After a morning spent inside LA’s cool new women’s center, LOOM two very important ideas were clear to us. One, the women of LOOM, including co-founders, doula and author Erica Chidi Cohen and policy advocate Quinn Lundberg, really know what they’re talking about. Two, there’s a desperate need for better, high quality education for new mothers out there!
After just twenty minutes with Erica, we learned more about the first forty days after childbirth than we’d ever learned from our mothers, teachers, doctors or friends combined. If you’re pregnant, planning to be, or have a bestie with fertility-minded ideas of their own, we can’t recommend the new LOOM space membership enough.
The new LOOM offers programming and services for parents, parents-to-be and just about everyone with an interest in fertility and sexual health. Their modern, practical – and stylish – approach to the women’s health space here in LA is one that promises to uplift just about everyone involved — and we can’t wait to watch it grow!
Below are twelve tips from LOOM co-founder, Erica Chidi Cohen for the new mom. Read, enjoy and share with a new mama to be…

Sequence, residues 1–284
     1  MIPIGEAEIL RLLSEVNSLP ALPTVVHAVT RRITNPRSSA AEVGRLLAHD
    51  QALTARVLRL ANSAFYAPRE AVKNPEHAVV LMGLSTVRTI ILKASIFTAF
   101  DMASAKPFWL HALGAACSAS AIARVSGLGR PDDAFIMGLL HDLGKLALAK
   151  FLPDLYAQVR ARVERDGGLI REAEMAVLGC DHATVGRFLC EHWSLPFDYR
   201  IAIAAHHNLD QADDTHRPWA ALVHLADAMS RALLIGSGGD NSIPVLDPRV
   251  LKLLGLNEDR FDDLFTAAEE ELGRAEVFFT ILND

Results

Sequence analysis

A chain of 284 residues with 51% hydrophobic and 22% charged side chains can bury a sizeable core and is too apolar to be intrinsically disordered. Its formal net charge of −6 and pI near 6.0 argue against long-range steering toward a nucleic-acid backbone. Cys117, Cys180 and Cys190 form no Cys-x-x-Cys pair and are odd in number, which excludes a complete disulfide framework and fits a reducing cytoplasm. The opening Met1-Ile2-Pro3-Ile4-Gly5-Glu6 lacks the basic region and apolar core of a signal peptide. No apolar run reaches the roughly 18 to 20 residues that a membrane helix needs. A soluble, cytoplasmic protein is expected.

The High + The LOW
It’s not unusual after delivery for the first few days to be adrenalized or “hyped up,” followed by an intense bout of exhaustion. You may feel too wired to sleep or may not even feel hungry. This could potentially set the tone for some unsustainable patterns, such as forgetting to eat. You can avoid this by following your baby and eating when they eat and having meals ready to go. Consider setting up a meal train with friends or having healthy meals delivered, especially in the first two weeks after delivery – because you and your partner will find it challenging to do much else but be with your baby. And that’s a good thing – it’s a pivotal bonding period.